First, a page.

Also, to note, study methods are vital to know, a study method that focuses on one cellular pathway, or metabolic interaction, may miss the point. The example of BCAA’s increasing anabolic signalling, is misleading, as a rise in mTOR or insulin does not mean muscle protein synthesis, as discussed above. Signalling does not equate to physiological effect. Some studies also don’t report how they control for diet, or calorie intake, which means the results are always open to scrutiny.
The Actual Evidence Based Supplements
There are 5 main evidence based supported ergogenic aids, which we will cover, along with some sports foods and nutritional products, and we will look at the context in which they are appropriate. Caffeine, creatine, nitrate/beetroot juice, Beta-alanine and bicarbonate are the supplements we will evaluate, and we will look at whey, carb powders/gels and iron supplements in addition.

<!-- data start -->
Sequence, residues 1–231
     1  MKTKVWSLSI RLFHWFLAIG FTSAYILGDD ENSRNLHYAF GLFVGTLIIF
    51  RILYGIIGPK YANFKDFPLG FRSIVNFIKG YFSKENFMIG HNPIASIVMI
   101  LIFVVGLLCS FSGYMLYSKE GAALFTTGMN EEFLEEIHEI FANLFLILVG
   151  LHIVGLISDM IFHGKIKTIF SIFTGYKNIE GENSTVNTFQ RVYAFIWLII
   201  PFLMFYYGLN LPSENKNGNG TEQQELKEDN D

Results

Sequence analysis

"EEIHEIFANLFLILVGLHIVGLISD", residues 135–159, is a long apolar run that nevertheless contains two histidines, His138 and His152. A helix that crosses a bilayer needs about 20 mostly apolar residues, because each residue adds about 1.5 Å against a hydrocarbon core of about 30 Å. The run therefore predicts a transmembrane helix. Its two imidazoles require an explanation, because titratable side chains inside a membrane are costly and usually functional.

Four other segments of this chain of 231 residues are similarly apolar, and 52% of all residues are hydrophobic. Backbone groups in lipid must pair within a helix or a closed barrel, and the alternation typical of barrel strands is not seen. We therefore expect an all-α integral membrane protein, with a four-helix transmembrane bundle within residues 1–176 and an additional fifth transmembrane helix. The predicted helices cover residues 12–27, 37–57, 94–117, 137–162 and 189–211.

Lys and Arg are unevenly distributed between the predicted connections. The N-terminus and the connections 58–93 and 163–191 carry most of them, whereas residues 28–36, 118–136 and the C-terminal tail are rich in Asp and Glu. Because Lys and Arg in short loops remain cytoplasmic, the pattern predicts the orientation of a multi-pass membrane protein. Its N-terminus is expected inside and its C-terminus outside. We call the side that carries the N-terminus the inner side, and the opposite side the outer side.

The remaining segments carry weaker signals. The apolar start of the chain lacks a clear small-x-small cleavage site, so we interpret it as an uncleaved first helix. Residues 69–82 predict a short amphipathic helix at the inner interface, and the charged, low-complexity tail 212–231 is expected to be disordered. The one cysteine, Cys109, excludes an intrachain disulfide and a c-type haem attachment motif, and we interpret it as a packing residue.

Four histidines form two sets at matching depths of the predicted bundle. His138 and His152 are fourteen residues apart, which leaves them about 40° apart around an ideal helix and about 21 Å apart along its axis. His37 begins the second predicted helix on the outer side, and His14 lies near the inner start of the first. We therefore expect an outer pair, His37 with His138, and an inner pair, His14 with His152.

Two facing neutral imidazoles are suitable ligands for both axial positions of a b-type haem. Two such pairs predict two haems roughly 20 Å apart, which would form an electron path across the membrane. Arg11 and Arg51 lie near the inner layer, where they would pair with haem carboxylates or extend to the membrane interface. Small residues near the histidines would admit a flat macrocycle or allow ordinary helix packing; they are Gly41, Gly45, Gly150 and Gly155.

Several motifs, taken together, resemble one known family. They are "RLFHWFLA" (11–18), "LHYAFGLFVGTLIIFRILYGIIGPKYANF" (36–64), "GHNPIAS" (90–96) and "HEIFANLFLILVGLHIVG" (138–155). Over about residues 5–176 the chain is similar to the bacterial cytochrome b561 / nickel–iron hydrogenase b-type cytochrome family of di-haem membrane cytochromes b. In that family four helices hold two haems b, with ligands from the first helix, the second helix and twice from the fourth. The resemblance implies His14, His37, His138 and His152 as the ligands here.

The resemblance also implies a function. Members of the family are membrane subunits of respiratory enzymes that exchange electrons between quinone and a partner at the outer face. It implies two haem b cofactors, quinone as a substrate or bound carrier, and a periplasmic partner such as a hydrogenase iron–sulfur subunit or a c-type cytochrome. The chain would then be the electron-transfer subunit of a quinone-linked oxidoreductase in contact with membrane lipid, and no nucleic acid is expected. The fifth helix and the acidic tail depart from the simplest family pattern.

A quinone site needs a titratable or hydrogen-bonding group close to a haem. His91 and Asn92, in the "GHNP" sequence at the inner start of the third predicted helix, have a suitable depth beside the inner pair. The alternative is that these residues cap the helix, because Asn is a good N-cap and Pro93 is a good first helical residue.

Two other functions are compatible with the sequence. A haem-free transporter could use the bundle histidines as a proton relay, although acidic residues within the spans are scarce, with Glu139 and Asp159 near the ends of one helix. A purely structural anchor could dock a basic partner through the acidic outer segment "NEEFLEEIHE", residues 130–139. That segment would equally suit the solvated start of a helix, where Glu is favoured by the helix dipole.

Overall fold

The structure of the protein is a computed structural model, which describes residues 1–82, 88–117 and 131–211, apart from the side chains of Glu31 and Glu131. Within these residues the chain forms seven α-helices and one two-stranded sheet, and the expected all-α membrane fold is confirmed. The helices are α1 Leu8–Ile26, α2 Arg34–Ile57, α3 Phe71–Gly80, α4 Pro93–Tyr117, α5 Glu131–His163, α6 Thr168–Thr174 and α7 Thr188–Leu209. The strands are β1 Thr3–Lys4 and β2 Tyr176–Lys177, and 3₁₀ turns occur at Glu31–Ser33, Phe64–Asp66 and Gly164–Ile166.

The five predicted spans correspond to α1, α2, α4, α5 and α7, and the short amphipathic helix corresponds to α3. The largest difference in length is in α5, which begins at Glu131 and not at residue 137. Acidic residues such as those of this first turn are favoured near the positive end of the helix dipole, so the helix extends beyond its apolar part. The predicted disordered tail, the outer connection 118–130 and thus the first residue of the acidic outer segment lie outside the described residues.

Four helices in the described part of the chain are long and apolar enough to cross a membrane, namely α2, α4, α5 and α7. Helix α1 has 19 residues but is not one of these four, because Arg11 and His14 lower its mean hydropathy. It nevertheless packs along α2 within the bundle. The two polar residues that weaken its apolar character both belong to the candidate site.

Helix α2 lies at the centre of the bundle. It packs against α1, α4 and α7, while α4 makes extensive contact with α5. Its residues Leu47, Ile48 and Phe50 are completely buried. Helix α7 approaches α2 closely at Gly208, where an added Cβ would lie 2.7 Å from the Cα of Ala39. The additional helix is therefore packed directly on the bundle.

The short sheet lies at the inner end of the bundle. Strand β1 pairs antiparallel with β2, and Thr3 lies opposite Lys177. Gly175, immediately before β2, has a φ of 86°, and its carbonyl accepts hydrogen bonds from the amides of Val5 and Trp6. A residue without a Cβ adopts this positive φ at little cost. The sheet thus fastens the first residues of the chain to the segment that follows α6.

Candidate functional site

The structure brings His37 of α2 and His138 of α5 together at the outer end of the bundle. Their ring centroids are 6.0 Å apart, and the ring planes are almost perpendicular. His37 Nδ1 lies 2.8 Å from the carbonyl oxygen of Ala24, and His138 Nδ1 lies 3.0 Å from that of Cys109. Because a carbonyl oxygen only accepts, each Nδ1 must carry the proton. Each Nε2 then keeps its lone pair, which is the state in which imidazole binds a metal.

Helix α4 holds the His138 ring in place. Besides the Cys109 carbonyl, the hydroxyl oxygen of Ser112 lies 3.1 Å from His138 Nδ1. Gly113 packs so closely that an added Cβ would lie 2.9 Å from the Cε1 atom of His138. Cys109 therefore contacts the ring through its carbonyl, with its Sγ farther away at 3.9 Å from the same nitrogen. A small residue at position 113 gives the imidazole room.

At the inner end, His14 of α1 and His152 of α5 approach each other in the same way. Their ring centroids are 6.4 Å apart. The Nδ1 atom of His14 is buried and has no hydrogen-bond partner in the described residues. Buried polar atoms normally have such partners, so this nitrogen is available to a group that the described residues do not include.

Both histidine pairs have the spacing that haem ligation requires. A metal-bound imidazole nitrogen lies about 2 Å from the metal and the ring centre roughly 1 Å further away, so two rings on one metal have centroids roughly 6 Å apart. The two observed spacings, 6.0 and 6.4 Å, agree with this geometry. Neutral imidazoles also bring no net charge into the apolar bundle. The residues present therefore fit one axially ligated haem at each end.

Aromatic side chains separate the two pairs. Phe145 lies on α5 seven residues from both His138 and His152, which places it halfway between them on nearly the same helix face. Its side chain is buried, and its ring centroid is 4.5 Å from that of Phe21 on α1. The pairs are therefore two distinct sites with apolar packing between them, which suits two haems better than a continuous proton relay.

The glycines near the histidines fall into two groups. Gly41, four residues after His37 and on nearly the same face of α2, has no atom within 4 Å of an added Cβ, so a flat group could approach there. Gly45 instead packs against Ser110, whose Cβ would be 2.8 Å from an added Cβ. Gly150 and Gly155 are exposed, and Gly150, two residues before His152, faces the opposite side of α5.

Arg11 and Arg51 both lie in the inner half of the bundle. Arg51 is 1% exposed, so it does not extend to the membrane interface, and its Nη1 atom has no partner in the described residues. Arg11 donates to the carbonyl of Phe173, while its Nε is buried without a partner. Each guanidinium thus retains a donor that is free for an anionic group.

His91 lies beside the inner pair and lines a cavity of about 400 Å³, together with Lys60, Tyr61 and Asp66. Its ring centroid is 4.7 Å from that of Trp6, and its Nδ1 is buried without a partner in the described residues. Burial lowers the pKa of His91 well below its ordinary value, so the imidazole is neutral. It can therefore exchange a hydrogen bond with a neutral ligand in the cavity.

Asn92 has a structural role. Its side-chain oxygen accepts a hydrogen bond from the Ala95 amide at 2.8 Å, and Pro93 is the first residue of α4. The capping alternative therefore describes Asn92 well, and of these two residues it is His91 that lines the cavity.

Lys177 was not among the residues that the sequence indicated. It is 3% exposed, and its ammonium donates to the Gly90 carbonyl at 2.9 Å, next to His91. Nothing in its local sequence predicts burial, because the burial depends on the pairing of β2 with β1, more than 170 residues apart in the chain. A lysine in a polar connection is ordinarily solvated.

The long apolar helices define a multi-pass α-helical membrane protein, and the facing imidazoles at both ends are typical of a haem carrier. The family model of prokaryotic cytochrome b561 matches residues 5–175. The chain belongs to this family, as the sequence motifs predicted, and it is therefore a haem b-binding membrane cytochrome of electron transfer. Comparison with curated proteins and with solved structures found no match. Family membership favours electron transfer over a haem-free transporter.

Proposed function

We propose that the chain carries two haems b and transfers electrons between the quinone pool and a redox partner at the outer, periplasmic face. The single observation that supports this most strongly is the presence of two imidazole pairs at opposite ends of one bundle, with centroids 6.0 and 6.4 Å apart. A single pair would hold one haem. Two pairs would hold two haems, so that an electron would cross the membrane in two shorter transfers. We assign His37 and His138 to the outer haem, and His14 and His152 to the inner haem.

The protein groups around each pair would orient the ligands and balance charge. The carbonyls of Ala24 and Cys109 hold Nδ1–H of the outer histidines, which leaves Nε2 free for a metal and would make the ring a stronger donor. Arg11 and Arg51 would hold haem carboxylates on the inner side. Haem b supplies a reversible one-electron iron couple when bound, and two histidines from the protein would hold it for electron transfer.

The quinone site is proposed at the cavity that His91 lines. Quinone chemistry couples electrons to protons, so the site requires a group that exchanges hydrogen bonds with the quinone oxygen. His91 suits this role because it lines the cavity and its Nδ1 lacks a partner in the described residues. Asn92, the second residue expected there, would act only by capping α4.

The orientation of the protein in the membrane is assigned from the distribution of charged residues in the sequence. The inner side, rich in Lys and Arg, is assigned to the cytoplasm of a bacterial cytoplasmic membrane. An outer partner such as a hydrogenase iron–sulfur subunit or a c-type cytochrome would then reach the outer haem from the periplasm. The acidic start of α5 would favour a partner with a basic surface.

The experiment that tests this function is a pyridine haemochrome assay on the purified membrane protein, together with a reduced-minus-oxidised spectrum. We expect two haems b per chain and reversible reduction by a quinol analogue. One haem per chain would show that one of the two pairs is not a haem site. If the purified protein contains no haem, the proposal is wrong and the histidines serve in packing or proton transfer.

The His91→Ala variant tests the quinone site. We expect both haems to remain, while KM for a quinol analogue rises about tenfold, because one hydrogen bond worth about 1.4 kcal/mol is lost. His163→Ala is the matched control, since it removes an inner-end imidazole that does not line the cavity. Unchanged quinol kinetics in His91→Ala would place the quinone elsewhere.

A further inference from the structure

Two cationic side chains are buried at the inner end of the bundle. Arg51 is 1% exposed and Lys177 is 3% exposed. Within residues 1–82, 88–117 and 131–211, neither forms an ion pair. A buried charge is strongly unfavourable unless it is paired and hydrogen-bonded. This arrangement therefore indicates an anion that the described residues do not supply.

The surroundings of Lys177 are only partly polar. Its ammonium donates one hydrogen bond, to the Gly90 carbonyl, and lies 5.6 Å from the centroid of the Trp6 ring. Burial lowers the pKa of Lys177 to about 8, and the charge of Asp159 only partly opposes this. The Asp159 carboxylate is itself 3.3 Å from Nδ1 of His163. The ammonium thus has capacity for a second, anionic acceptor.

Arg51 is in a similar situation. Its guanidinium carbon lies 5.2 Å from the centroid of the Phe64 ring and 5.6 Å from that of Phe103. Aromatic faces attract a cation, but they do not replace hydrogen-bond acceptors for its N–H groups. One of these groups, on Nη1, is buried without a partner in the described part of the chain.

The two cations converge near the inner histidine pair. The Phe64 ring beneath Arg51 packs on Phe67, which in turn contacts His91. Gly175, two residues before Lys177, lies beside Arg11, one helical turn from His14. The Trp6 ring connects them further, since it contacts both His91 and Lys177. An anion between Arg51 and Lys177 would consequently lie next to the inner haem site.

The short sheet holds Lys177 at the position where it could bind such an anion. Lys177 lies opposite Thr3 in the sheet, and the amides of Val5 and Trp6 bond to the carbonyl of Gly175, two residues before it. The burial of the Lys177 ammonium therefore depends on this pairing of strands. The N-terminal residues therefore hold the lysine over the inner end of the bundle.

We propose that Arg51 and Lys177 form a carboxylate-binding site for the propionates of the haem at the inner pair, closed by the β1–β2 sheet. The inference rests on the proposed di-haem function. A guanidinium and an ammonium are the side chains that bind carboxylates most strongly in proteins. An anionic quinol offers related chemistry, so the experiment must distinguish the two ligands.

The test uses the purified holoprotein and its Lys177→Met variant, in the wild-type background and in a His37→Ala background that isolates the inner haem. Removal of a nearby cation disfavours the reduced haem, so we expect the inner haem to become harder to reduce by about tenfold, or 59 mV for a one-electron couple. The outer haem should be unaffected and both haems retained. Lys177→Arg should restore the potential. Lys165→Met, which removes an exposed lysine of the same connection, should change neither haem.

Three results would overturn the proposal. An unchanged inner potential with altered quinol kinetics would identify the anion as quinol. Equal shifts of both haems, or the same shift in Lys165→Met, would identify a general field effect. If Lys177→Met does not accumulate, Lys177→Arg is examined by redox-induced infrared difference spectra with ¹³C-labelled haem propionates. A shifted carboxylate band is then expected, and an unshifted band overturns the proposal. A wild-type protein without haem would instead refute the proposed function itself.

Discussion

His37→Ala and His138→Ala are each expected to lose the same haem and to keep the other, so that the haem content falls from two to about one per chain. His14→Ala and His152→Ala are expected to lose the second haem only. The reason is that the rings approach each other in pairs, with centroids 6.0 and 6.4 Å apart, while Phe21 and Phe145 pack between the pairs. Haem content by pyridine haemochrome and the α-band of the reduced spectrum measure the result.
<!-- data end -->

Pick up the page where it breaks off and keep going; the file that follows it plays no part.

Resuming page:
Caffeine works as an ADP receptor agonist, it doesn’t give you energy per se, it simply stops you from feeling more tired. Depending on the dosage, it can also cause central nervous system excitement and raise cortisol levels. Caffeine has mixed effects on people, due in part to built up tolerance and to genetic variants of gene CYP1A2, which dictates how it is metabolized in the liver. Caffeine doses of 3-6mg/kg confer performance benefits when consumed 60 mins prior to exercise, however opting for the lower dose of 3mg per kg wills still offer ergogenic benefit and will decrease the likelihood of gastric distress the higher dosage can lead to. Increasing the dosage of caffeine past 9mg/kg does not continue to offer increasing benefit due to the varied responses to caffeine and tolerance variation. It is worth trialling out for yourself in training so as to avoid any unexpected stomach issues, anxiousness or sleeping issues. Don’t worry if you’re a habitual coffee addict, your general caffeine intake will not impede the effect of the lower dosage. Evidence states that caffeine can be beneficial with the aforementioned doses if taken in a 2.5hr period prior to exercise or during, towards the latter end of the race. Caffeine doesn’t give you more energy, as some would say, it simply stops you feeling more tired, and makes you more alert, stokes the nervous system making it easier co-ordinate hard efforts, however, the psychological phenomenon is just as valid as a physiological change, in terms of aiding performance. For reference, a standard coffee had approx. 80mg of caffeine, and a gel would have anywhere from 30-80mg.